Pessimism about global growth drove down world shares and commodity markets on Tuesday and left investors seeking refuge in the dollar, government bonds and gold.
The International Monetary Fund’s warning of a darkening outlook on Monday after China’s confirmation of its slowest growth rate in nearly 30 years and amid more head-scratching over Brexit continued to weigh on the mood.
European shares had followed Asia into the red with disappointing earnings from Swiss bank UBS also adding extra gloom after Europe’s banking sector saw nearly 30 percent wiped off its value last year.
In its World Economic Outlook report, the IMF predicted the global economy would grow at 3.5 percent in 2019 and 3.6 percent in 2020, down 0.2 and 0.1 percentage point respectively from last October’s forecasts.
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The downgrade mainly reflected signs of weakness in Europe, with Germany hurt by new car emission rules, Italy under market pressure due to Rome’s recent budget standoff with the European Union and Brexit hanging over the bloc as well.
“We have seen a little bit of a pull back, but whether it’s the IMF growth downgrade or China related is neither here nor there,” said CMC Markets’ senior analyst Michael Hewson.
He pointed to the strong and sudden rebound that markets like Germany’s Dax have seen since the end of December as well as other major global indexes.
“We are at the top end of the range for this year and given the global uncertainty, investors are probably taking the view that it is probably wise to take a bit of profit off the table.”
Futures markets were pointing to a weak start for the United States later with falls of 0.8 percent for the S&P 500 and nearly 1 percent for the Nasdaq seen.
Another development nibbling at sentiment was news that the United States plans to proceed with the formal extradition from Canada of Chinese tech giant Huawei executive Meng Wanzhou.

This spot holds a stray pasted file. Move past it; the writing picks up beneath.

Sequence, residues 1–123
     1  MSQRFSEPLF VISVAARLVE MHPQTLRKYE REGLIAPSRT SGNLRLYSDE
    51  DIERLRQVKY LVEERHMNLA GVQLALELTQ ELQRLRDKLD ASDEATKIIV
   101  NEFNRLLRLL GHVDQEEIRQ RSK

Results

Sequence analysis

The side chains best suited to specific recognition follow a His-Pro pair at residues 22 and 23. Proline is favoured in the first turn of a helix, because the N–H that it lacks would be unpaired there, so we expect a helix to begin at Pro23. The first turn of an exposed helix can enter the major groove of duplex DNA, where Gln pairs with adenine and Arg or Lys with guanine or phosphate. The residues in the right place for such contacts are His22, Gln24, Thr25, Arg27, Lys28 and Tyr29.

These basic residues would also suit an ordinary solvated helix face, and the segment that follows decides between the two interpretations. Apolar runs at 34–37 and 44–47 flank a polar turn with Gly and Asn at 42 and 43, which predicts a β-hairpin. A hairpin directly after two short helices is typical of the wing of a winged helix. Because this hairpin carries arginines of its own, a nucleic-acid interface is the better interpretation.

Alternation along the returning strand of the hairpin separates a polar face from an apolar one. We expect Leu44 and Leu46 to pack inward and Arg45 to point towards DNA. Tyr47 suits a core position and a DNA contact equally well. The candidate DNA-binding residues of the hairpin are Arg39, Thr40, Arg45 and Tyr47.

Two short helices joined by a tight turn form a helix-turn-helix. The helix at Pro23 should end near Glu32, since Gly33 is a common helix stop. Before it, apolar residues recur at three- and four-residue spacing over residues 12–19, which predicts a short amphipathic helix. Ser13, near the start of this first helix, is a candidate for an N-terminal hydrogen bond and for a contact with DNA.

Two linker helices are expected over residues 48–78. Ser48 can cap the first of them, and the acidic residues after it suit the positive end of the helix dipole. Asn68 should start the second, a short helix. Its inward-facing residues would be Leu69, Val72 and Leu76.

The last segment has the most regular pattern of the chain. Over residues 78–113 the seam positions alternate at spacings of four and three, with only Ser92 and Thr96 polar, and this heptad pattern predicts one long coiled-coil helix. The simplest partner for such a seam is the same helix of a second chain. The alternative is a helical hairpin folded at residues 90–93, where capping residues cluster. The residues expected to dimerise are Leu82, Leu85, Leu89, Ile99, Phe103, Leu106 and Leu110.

Meng, who is also the daughter of Huawei’s founder Ren Zhengfei, was arrested in early December at the request of the United States over alleged violations of sanctions on Iran. She was released on bail and is due in court in Vancouver on Feb. 6.
Asia’s overnight losses had been led by Chinese shares, with the blue-chip index off 1.2 percent. Japan’s Nikkei skidded 0.5 percent too, while Hong Kong and Sydney closed down 0.8 and 0.5 percent. [.SS][.T]
In another sign of risk aversion, the Australian dollar, often used as a liquid proxy for China investments, eased 0.4 percent to $0.7123, putting it on track for a third straight session of losses.
The same worries had also pushed the New Zealand dollar down for a seventh session and copper, which is used in everything from electrical wiring and water pipes to cars, drifting lower in the metals markets.
The dollar held at a near three-week high as investors sought the relative safety of the U.S. currency.
That kept the euro pegged back at 1.1360 and reapplied pressure on the main emerging market currencies following a decent start to the year for most of them.